Signing Signed English: A Basic Guide by Harry Bornstein and Karen Sauliner

Learning to sign can be a daunting task, especially when it is something a person feels they needs to do, rather than something they want to do. Let’s face it, Learning a new language, can be difficult for anyone. It means learning a new vocabulary and and often a new grammar. Usually learning a new language means dealing with the same skills /senses, your first language uses, hearing and speaking. Learning to sign however, involves an often totally new set of skills, watching and hand movements. All of these things together can be very frustrating.

“Signing, Signed English: a Basic Guide” by Harry Bornstein and Karen Sauliner, removes some of those frustrations immediately. Instead of learning a new language as you must with ASL, and a new grammar you get to learn a new vocabulary of hand signs for basic English words and keep your English grammar skills ! For the Late deafened adult and the hearing signer, this can make the process of learning to sign MUCH less frustrating and much quicker !

Originally published as “The Signed English Starter”, this book starts off by showing you the “American manual alphabet” commonly called “fingerspelling”. It then explains the 14 “markers” signs which make Signed Exact English so much easier to learn for those whose native language is English. The markers are repeated throughout various chapters of the book, so that you don’t’ forget them, and don’t have to learn them all at once. It then moves on to name signs and numbers, using clear pictures and excellent directions.

Unlike many signing books, the first chapter is on people and includes pronouns. Frustrated learners of ASL, will appreciate this, because often the first things people want to say naturally include pronouns, and the SEE pronouns are more specific than those in ASL. Other chapters include: things, special verbs and function words, the body. Chapters are arranged conceptually and each has an exercise at the end.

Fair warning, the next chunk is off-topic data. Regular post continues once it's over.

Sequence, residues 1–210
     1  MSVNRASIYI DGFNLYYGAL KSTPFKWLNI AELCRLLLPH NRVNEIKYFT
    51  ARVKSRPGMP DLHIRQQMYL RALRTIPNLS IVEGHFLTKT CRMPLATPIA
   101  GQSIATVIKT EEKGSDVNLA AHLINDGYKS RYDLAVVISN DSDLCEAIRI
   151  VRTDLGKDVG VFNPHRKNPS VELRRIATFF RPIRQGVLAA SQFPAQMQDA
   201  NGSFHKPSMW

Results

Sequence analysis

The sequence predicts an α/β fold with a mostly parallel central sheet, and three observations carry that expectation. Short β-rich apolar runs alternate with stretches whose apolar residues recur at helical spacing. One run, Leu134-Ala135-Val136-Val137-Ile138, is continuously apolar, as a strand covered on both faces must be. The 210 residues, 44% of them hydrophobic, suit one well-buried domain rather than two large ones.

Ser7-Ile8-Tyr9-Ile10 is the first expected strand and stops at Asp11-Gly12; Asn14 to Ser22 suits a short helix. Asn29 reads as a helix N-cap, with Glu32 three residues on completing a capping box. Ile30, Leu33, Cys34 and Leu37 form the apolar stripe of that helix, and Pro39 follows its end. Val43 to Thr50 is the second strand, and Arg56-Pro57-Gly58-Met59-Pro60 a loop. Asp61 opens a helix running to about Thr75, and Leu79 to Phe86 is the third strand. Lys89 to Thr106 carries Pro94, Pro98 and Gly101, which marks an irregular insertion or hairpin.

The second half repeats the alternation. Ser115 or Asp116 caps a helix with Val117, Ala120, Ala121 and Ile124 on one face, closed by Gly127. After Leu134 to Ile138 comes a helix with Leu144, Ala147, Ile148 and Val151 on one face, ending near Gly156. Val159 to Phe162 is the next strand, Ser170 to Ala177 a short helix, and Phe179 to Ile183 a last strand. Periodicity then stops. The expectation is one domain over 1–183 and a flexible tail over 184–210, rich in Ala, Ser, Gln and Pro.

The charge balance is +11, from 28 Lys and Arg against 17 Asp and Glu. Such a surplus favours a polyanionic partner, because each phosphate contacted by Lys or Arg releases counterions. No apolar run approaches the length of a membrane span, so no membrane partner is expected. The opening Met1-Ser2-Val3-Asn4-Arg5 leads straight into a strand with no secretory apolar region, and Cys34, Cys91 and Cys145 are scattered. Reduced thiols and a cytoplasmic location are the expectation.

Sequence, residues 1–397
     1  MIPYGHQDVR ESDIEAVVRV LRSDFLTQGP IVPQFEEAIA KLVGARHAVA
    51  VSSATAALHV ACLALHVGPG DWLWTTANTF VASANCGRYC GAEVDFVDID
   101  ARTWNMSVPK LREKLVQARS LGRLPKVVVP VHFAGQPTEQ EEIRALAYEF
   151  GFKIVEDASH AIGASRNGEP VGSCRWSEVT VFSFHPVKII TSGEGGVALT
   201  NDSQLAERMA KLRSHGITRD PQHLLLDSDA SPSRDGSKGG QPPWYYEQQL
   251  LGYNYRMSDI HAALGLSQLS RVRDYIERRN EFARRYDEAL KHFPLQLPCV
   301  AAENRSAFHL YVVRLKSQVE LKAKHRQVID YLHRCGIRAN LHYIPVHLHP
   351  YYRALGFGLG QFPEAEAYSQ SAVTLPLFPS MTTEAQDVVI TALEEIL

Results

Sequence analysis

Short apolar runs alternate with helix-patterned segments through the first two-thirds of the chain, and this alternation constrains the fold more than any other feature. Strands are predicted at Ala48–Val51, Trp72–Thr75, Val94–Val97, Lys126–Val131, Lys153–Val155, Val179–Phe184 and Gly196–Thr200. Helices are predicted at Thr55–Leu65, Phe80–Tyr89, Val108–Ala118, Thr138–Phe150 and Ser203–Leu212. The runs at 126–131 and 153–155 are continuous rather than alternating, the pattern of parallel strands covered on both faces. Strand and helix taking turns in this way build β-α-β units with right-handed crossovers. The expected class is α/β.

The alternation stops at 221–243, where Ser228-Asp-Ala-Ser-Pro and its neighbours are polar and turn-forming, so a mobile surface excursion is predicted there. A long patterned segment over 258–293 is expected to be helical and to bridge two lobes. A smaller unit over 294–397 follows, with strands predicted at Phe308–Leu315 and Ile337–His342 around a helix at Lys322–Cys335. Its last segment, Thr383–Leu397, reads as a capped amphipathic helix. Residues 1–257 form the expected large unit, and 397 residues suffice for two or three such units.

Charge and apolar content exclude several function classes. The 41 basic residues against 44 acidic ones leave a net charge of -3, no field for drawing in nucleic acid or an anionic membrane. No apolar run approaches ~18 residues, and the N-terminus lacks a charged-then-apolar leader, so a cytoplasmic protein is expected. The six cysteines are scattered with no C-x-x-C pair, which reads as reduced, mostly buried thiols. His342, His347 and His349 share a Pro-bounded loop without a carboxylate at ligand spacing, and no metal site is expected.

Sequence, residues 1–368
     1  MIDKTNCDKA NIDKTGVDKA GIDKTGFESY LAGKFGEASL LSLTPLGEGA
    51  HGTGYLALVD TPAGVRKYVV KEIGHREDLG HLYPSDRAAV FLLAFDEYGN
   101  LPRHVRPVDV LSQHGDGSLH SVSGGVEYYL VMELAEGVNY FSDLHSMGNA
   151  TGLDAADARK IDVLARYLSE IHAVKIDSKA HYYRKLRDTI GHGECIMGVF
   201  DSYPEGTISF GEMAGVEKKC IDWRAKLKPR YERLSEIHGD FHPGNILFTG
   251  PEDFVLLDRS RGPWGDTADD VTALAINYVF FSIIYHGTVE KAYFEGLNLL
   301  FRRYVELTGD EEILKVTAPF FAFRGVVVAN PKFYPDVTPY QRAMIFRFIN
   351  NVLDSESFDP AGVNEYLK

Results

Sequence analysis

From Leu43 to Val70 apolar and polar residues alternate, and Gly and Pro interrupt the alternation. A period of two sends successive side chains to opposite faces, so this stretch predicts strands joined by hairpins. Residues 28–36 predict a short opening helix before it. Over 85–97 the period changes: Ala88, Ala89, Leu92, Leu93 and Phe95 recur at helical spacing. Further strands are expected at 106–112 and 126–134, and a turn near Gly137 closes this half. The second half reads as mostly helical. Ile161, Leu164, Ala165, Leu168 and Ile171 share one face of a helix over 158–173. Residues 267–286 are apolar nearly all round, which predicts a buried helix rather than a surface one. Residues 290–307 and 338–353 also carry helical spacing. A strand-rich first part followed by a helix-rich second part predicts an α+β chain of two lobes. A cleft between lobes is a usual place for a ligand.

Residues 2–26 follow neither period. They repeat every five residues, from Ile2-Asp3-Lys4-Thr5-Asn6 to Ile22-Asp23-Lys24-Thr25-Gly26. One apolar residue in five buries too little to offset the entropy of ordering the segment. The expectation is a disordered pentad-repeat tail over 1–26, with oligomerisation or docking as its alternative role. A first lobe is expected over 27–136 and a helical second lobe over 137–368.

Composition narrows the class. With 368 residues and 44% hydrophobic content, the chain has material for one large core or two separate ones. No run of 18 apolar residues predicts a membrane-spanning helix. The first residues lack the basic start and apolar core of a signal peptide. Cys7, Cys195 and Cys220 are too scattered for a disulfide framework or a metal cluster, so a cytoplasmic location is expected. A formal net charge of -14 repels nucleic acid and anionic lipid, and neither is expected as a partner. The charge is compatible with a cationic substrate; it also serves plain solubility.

The book contains only 900 words, and I admit I was leary of buying that for just that reason. In the past when buying language books, I’ve always gone for the ones with the most words, not wanting to go from a vocabulary of hundreds of thousands of words to one of under 1000. After collecting many sign language books and still being unable to sign. I must say that this book makes up for the number of words in it’s ability to teach the words the authors have chosen. The words are well chosen, and beginners will quickly find them selves able to sign not only entire sentences, but entire paragraphs and conversations !

Readers should note that this a a book which teaches Signed Exact English and not American Sign Langauge. ASL is a different language completely, and if you want to learn it, you’ll have to get a book that teaches it. While many of the signs of SEE are based or borrowed from ASL, many are entirely different and there are many more signs to learn. This may seem a dis-advantage at first, but actually makes SEE much easier to learn, since you can think “What did she buy yesterday?” and sign “What did she buy yesterday” rather than having to re-think your grammar and sign “She brought yesterday, what?” as one often has to do in ASL.

The only down point I have found with this book so far, is that the paper back manufacturers seem to have forgotten that signing requires BOTH hands. The paper back version simply refuses to lie flat, making it difficult to practice while you read. Rubber-bands and book holders may solve this problem, but I have found it best to work on only a page a day, and keep a list on notebook paper of what I need to practice.

Other than not lying flat, this is an excellent value with a cover price of only 12.00. For the measley price of 12 usd, a person who needs to learn to sign, or needs family and friends to, can have a working basic vocabulary, quickly and fairly painlessly. It’s a 12.00 book, but the ability to communicate is priceless.

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